Sheet moulding compound (SMC) composites are a cost-effective alternative to metals for applications within the transportation industry. SMCs are lightweight materials with excellent properties, including high-corrosion resistance, and they are suitable for medium to high-rate processing. SURFAS is helping to increase the use of SMCs in the automotive industry, improving the appearance and performance of a variety of road vehicles.
"These composites are starting to be used more widely as a replacement for steel in automotive body panel applications," says Véronique Michaud of the Laboratory of Polymer and Composite Technology in Lausanne. "They suffer, however, from major drawbacks in terms of reliability, and surface appearance. Simply stated, it is extremely difficult to obtain, in a reliable manner, a surface quality that matches that of steel, especially after the painting operation."
The goal of the project was to investigate problems of surface quality in SMC composites. One issue identified by SURFAS partners at the beginning of the project was the presence of surface craters or pits on composite parts.
"EUREKA gave us the opportunity to cooperate on a European level, without the heavy administrative constraints of a typical European project."
Laboratory of Polymer and Composite Technology, Ecole Polytechnique Fédérale de Lausanne, Switzerland
"At that point, nobody knew why these craters appeared," explains Michaud, "so a main goal was to understand what was happening, at all stages of the process, from fibre production and the deposition of the sizing layer to compounding the composite pre-product, up to the final processing of the part. From there we hoped to make proposals on how to modify either the base material or the process to better control surface quality."
The project delivered an array of important scientific results, says Michaud. First, partners gained a better understanding of the role of fibre sizing and over-sizing on the final part quality and how parameters such as fibre surface energy, permeability and rigidity affect final product quality. They also investigated the exact mechanisms of the so-called ‘low profile effect’, where a blend of thermoplastic and thermoset resin is used to improve the final surface quality.
"We also developed several testing protocols that were implemented by our industrial partners," says Michaud. "New formulations were proposed, which were tested not only in the laboratory, but also in real-part production at a moulder's site." Finally, SURFAS partners investigated SMC recycling, of crucial interest for their use as a metal replacement.
In the European automotive sector, SMCs represent 90,000 tons of material per year and are currently used mainly for structured parts such as bumper beams, front-end panels or oil sumps. Aesthetic SMC parts, which represent about 29,000 tons of material per year, are mainly used in truck cabin components such as steps, spoilers and front panels, and in public transport vehicles, such as trains and buses. The car body application currently represents only a small part of the total SMC market.
"SMC moulders want to meet new productivity and surface quality demands," says Michaud, "and in this way considerably raise their market share in body panel applications." Most European experts do believe this objective can be reached, considering the increasing use of SMC body panels in the American market.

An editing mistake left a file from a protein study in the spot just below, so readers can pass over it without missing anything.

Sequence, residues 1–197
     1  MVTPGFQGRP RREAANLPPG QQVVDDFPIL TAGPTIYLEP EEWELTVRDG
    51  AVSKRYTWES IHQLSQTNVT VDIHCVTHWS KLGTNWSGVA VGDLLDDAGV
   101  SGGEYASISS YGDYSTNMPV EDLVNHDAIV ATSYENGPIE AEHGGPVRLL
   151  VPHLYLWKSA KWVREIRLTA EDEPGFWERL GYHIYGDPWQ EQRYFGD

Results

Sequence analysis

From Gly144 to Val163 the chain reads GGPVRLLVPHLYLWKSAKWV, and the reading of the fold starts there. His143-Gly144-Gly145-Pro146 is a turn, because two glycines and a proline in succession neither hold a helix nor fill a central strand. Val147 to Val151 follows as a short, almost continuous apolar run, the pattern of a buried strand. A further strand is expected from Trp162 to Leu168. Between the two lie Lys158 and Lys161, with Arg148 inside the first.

For car manufacturers, the results of SURFAS mean a better understanding of the complete SMC composite production process, potentially reducing development time and resulting in fewer initial production problems and corrections.
"The direct outcome for our company is two-fold. First, we are now better armed to develop new products in this or similar domains of application, thanks to all the technical knowledge that we gained. Second, we have increased our credibility and image with respect to our customers."
Vetrotex International, France
"EUREKA gave us the opportunity to cooperate on a European level," says Michaud, "without the heavy administrative constraints of a typical European project. All partners could deal with their local funding agencies, with whom they were already familiar and who reacted quickly and remained closely involved in project progress."
Dr. Michel Arpin works for SURFAS industrial partner Vetrotex International. He says the project was an excellent opportunity to investigate a technical issue from a more scientific perspective.
"The direct outcome for our company is two-fold," he says. "First, we are now better armed to develop new products in this or similar domains of application, thanks to all the technical knowledge that we gained. Second, we have increased our credibility and image with respect to our customers. Finally, this project has helped us to point out clearly how complex the materials-process-performance interaction is with this type of composite material."
"We hope this project has contributed to the increased use of SMC in the automotive industry," says Michaud. "These materials are lighter than metals and more resistant to corrosion. They will not only help us make nicer cars, but also, most importantly, lighter cars. This is a crucial step in reducing fuel consumption and the emission of carbon dioxide and other greenhouse gases. Together with improved engine systems, these materials can contribute to meeting EU regulations concerning emissions, and to reducing the impact of modern transport on the environment."